Rhode Island Senate president asks RIPTA CEO to resign
PROVIDENCE, R.I. (WLNE) — Rhode Island Senate President Dominick Ruggerio has asked Rhode Island Public Transit Authority CEO Scott Avedisian to resign immediately because of “unacceptable” mistakes in management.
“RIPTA has been plagued by enduring challenges that have only grown more severe over the years,” Ruggerio began. “Despite federal funding that presented an unprecedented opportunity to make necessary reforms, there has been no change in direction.”
Ruggerio stated that numerous “unacceptable management gaffes” have been made.
In his statement, he explained that driver shortages were “left unaddressed until there was a crisis,” and a no-bid lobbying contract was granted to a political ally allegedly without the board’s knowledge.
In September, the transportation company had been under fire after high school students in Providence struggled to catch rides to class.
Due to staff shortages, RIPTA canceled some of their routes, leaving students to look for an alternative ride to school.
Ruggerio added that “no meaningful plan to confront the agency’s fiscal challenges has been presented to the General Assembly” and that the State is “again faced with putting band aids on a gaping wound.”
The senate president then said that it is vital to Rhode Islanders and the state’s economy to have a “quality, well-functioning public transit system.”
“The time has come to place the agency under the auspices of the Rhode Island Department of Transportation, and I will be submitting legislation to that effect,” he said.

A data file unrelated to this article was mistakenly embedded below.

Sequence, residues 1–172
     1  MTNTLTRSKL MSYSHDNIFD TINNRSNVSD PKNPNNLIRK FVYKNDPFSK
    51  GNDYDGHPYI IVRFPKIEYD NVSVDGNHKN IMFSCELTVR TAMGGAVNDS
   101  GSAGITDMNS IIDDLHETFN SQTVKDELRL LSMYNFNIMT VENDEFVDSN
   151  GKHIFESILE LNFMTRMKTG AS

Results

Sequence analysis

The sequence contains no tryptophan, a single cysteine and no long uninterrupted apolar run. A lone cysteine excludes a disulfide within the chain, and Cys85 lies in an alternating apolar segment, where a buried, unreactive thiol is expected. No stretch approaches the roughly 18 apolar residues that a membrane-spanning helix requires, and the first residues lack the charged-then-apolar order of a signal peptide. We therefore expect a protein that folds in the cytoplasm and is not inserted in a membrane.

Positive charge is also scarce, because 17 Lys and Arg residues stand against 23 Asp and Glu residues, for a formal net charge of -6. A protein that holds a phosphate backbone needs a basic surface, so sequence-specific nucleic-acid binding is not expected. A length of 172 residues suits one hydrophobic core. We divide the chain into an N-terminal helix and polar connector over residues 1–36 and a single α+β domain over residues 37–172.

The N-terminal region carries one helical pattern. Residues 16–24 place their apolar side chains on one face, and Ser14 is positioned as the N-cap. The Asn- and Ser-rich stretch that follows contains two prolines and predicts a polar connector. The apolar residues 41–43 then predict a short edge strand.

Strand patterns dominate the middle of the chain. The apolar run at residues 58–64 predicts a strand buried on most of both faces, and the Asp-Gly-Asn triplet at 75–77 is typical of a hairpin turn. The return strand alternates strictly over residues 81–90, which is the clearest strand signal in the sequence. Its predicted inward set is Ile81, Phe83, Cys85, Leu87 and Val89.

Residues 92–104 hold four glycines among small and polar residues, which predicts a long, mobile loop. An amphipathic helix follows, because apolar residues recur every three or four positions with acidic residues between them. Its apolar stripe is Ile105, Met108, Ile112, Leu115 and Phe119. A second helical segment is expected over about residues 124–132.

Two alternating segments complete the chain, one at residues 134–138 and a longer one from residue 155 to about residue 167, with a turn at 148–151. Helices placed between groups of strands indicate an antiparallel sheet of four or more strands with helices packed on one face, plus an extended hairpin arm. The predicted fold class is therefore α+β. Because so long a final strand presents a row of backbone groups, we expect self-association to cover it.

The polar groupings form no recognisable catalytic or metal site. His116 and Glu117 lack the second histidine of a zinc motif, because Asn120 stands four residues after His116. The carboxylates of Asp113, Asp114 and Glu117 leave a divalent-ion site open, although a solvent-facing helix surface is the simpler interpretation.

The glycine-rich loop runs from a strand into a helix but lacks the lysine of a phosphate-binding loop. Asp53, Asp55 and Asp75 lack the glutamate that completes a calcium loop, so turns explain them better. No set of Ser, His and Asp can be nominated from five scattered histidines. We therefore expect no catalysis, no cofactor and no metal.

In addition to asking Avedisian to step down, Ruggerio is asking that Gov. Dan McKee conduct a national search for someone with expertise in transit to lead Rhode Island’s public transit office.
Lastly, Ruggerio said he asked Sen. Mark McKenney to convene the Senate Committee on Rules, Government Ethics and Oversight to conduct an oversight hearing of RIPTA.
Shortly after this announcement, a RIPTA statement on behalf of Avedisian was released.
The statement began by noting that challenges at RIPTA “stretch back many years.”
“Since my first day here I have worked with the dedicated RIPTA team to make us better, and we have accomplished a great deal,” Avedisian said.
Avedisian noted that the agency budget had been balanced and capital funding was increased. New buses and paratransit vehicles were also added to RIPTA’s fleet. Additionally, the agency’s pension plan is in a “much better place.”
Further, Avedisian said that RIPTA was one of the few transit agencies in the nation to not cut service during COVID-19.
Avedisian added that he recognizes more needs to be done.
“I look forward to having the opportunity to speak with the Senate about their concerns, then working together with them to secure the resources it will take to address the remaining challenges RIPTA faces,” he concluded.